Guest Contributor Sande Johnson, Developmental Studies and College Success Specialist, Academic Services, Cengage Learning.

So, you’ve made the decision to redesign your curriculum in a specific discipline. What are the next steps you need to take in order to move forward with implementation?

Regardless of which program you are planning to redesign, there are three critical considerations that will determine whether or not you are ready to proceed (outlined in our previous article by Dr. Elaine Gray):

  1. Budget: You have the funding to sustain a multi-year implementation plan.
  2. Assessment: You either have a baseline measure and a feasible long-term assessment plan (or you recognize the need for one) that will capture changes in student learning as you move through the course redesign process.
  3. Staffing: You have identified subject matter experts, a team of technology-savvy developers and instructional designers to assist with the development and implementation (or you recognize the need to appropriately staff this redesign effort).

In this article, we are going to focus on key curriculum issues and questions to consider as you begin the process of course redesign.

Once you have determined your funding source for this initiative, your next step will be to put together a committee of key stakeholders to determine the overall goal of redesign, key concepts, instructional design and course structure. Begin with a consensus on the goals of the redesign initiative. What institutional or program outcomes need to be achieved? Complete an analysis of your current course – what is not working and how is that determined? In the case of developmental studies, for example, lecture-based courses with little to no active learning strategies have led to high levels of drop outs and low completion rates. To access examples of course redesign projects completed through the National Center of Academic Transformation, see NCAT‘s Web site.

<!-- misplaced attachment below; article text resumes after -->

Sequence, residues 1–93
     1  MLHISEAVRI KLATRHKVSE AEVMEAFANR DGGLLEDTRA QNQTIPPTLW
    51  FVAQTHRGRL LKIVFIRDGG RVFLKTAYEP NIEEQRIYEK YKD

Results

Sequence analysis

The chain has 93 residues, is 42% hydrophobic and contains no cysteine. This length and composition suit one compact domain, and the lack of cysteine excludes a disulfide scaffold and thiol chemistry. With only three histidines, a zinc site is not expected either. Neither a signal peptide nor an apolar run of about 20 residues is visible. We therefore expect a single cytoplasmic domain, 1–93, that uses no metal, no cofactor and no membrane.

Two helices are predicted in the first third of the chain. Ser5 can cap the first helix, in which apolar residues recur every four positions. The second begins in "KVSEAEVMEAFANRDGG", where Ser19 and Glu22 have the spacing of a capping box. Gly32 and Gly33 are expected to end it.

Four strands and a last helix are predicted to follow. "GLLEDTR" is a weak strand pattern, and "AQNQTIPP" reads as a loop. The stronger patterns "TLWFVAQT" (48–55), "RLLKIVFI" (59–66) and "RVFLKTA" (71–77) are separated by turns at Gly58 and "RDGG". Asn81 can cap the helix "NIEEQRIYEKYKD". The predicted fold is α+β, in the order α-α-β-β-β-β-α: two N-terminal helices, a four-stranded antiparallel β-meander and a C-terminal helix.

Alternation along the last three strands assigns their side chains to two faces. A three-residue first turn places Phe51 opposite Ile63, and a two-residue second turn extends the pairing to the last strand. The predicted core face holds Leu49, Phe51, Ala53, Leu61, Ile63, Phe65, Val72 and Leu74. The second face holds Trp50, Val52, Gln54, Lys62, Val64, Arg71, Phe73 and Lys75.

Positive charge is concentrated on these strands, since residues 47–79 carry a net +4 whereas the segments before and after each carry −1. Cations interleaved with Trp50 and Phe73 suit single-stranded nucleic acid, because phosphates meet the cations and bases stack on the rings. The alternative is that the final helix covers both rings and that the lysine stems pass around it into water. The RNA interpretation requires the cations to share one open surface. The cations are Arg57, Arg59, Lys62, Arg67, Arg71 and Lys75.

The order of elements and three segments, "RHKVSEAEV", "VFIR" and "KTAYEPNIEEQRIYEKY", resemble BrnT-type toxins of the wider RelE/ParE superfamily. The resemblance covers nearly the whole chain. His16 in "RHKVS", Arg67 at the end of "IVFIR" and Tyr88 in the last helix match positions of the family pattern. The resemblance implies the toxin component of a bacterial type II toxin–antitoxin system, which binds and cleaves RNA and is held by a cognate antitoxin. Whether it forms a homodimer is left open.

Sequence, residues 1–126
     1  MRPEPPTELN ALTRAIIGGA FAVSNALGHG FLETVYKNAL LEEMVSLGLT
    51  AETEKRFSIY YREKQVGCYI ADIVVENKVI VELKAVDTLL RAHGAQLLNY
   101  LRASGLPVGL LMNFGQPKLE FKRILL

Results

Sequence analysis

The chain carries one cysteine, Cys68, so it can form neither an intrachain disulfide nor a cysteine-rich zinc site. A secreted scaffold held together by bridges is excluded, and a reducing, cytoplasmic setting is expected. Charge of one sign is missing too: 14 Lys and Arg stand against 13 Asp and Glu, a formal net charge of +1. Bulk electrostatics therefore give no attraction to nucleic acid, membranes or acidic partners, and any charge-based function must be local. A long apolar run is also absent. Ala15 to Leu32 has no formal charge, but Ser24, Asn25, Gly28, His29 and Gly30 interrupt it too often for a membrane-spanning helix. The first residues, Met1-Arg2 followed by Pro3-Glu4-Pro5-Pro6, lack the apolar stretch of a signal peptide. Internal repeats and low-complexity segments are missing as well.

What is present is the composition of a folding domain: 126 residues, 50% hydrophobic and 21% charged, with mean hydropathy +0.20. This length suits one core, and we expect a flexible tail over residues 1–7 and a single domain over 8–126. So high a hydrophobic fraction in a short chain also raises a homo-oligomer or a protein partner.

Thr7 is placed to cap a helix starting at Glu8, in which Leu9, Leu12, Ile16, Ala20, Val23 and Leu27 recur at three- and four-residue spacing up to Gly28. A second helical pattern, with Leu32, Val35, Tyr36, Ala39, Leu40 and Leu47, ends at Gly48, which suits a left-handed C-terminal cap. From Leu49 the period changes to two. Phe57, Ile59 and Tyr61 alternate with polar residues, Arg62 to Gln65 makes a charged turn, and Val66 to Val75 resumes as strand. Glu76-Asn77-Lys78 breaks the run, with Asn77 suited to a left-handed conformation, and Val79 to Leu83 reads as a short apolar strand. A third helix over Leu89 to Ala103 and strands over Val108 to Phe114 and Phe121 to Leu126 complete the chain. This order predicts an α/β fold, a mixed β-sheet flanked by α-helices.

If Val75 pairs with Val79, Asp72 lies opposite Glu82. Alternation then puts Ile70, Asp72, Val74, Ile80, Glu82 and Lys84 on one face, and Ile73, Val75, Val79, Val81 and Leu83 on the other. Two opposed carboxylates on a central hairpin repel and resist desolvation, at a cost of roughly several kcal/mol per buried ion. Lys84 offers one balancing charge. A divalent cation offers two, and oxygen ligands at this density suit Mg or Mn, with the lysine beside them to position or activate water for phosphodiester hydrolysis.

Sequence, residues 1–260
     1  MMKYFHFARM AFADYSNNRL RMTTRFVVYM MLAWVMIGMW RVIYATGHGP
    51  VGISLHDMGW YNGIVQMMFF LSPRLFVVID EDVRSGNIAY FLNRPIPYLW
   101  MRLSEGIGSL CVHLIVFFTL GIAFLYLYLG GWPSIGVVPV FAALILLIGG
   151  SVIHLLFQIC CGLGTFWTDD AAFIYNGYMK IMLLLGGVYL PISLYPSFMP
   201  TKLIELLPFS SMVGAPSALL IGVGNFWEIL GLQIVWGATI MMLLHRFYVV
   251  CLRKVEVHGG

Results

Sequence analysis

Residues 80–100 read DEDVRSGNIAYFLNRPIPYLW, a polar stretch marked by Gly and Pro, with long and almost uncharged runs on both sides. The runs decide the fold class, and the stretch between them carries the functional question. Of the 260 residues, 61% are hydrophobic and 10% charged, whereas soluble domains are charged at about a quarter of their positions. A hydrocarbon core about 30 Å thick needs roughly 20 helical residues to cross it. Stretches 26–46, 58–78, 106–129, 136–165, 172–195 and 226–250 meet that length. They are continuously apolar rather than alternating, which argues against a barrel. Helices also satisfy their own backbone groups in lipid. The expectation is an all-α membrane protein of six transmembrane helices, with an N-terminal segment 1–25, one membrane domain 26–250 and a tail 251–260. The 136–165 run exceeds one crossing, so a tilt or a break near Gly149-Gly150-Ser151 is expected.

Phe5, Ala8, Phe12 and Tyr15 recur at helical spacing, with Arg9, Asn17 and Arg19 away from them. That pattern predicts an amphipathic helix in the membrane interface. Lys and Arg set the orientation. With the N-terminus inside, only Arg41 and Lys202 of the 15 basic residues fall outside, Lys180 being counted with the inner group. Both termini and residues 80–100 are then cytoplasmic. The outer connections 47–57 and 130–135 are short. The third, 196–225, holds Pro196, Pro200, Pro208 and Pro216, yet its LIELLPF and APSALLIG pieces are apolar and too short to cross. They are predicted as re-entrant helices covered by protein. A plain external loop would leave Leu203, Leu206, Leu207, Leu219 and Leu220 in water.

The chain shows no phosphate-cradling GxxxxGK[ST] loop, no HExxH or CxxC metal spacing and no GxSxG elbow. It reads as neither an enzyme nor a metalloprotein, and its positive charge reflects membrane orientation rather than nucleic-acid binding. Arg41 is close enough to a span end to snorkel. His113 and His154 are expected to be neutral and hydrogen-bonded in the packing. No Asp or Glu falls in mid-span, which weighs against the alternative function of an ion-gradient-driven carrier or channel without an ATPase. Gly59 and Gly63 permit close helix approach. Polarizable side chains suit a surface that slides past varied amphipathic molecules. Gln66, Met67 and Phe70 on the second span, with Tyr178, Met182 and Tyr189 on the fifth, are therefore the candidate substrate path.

Consider aspects of instructional design that include learning outcomes, active learning strategies, and eliminating unnecessary topic coverage.

  • What learning outcomes does the learner need to demonstrate in order to ensure success in subsequent courses?
  • Is it important to have a consistent instructional design across all sections of the course?
  • Would a lab component or other digital elements better engage the learner?
  • How much time should be devoted to lab versus lecture?
  • What portion of the class should be on-ground versus online?
  • Should the course be self-paced or will all learners be required to focus on the same topics at the same time?
  • Should some portion of the class or out-of-class time be structured for collaboration?
  • What should be the out-of-class requirements of the learner?
  • Are there additional course elements, such as videos and animations, that would enhance the course?
  • Finally, is the credit hour allocation and length of course adequate for the breadth and depth of the topic coverage?